Stuffed Artichokes


Elsewhere on this blog, I’ve written about facing some of my culinary fears like calamari and risotto. Well, last night I faced yet another of them: stuffed artichokes. As I was growing up, they were a frequent side dish at my family’s table, one of my Neapolitan aunt’s favorites. Stuffed with a mixture of dried breadcrumbs, pecorino-Romano cheese, garlic and parsley all moistened with olive oil, they were slowly cooked, over low heat, covered in a pot just large enough to hold them upright, with a modicum of water and a drizzle of olive oil.

As a child, I would simply lick the savory stuffing off the leaves until my aunt admonished me for leaving the best part behind and then proceeded to demonstrate how to eat them properly. She plucked off one of leaves, carefully balancing the stuffing that was on it, placed it between her teeth, closed her mouth, and slowly pulled it out scraping off the edible part of the leaf. After a few tries, some of which left me with a mouthful of leaf threads, I mastered the art of eating these delicious green globes of goodness. They became one of my favorite vegetables growing up, and I often requested that my aunt prepare them when I would return to my childhood home as an adult.

Yet for some reason, I’ve always shied away from cooking them on my own. Yesterday, however, when I saw some beautiful artichokes on sale at the market, I decided to confront my fear. Upon returning home, I searched through some cookbooks for a recipe and was startled when I found one that was identical to my aunt’s in Michele Scicolone’s The Italian Vegetable Cookbook. While I closely followed her clear instructions for preparing the artichokes, I did take some liberties with the measurements of the ingredients, and was a little heavy handed with the cheese and the garlic. The results, however, were superb and made a perfect accompaniment to a chicken sauté with green olives, capers, onions, and diced lemon.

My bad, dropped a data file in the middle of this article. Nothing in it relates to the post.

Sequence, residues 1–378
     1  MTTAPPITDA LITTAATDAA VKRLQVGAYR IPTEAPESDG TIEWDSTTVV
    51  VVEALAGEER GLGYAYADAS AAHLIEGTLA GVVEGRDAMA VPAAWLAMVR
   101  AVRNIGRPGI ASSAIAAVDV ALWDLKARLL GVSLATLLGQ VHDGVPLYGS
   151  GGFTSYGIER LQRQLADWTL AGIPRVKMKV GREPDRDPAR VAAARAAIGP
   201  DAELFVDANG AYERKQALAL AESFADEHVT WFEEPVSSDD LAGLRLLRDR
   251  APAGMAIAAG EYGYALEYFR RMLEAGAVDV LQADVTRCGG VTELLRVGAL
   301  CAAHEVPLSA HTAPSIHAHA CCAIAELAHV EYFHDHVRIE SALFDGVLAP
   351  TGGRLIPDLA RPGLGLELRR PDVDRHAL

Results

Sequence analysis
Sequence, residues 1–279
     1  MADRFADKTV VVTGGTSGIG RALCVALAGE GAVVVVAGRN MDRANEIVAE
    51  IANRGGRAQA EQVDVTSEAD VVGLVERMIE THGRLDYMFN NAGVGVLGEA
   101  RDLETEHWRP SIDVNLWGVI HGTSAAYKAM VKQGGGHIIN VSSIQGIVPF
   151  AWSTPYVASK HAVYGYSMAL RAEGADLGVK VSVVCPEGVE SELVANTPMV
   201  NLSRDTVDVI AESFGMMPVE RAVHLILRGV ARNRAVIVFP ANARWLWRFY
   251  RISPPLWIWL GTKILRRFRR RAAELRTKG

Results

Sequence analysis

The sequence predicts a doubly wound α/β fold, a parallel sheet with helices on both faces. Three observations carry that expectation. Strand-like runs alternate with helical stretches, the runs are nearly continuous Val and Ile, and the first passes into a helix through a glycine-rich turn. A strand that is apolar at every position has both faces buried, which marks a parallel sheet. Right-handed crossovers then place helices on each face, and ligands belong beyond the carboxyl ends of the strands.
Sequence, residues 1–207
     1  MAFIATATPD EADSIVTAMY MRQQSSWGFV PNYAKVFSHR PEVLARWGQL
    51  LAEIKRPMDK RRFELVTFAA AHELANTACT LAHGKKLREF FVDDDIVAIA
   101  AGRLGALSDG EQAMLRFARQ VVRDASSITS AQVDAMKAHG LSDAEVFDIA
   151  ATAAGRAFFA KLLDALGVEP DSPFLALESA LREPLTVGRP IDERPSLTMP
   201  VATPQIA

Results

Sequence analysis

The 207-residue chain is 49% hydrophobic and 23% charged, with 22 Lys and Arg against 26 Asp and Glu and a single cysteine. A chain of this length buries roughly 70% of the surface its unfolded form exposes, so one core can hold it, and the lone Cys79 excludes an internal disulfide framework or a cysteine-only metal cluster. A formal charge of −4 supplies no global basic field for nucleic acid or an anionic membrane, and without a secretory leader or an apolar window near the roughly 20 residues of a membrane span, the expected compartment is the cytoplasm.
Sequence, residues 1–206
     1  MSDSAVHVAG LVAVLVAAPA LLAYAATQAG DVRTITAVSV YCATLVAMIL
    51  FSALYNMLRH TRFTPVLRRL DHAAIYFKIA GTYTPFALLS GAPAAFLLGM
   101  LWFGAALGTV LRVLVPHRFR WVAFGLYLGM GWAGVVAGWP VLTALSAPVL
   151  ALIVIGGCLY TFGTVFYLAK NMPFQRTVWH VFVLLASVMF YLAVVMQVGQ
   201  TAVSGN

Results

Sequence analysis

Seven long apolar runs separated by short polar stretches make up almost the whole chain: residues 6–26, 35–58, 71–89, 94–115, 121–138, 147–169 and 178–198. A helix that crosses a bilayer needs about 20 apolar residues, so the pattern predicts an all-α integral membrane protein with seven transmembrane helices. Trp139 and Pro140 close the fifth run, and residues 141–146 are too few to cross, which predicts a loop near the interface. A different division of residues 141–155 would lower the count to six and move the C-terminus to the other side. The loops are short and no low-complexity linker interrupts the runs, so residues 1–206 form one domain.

As I didn’t plan on writing this dish up, I don’t have any photographs of its preparation. But the internet has plenty of instructional videos on preparing artichokes as well as a version of Scicolone’s recipe on the Williams-Sonoma website adapted from of her earlier books, which can be accessed by this link.

Author’s Note: This is my first posting after a long hiatus from blogging. I can only attribute my absence to teaching a Saturday writing course to college-bound high-school sophomores. The course, which comes to an end next week, although most rewarding, took far more of my time than I thought it would when I signed up for it. Now that’s it’s over, you can expect postings from me on a more regular basis.